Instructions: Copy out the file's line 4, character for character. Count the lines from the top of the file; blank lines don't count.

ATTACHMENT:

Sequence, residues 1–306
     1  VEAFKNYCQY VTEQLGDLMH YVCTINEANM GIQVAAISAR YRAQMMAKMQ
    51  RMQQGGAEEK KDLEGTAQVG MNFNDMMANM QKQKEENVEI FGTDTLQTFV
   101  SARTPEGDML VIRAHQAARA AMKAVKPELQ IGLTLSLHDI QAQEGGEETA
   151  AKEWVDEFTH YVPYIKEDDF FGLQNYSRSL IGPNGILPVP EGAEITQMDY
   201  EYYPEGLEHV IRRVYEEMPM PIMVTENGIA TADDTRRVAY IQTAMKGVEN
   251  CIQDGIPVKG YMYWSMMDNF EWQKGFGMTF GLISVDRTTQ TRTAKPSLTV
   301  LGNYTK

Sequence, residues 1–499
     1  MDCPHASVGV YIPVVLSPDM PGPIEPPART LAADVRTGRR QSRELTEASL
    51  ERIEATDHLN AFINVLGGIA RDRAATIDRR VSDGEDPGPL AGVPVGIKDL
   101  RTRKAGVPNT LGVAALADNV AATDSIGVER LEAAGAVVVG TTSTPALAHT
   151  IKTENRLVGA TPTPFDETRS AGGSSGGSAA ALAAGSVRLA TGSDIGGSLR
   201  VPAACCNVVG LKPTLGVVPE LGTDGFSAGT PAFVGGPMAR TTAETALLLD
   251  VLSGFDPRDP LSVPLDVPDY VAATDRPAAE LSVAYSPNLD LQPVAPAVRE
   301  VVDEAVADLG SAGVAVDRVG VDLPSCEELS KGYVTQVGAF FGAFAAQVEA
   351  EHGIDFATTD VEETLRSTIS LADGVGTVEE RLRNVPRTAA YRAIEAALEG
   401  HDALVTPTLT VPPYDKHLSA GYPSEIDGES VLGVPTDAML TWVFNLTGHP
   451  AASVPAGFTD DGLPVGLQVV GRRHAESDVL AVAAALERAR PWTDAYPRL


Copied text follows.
   101  SARTPEGDML VIRAHQAARA AMKAVKPELQ IGLTLSLHDI QAQEGGEETA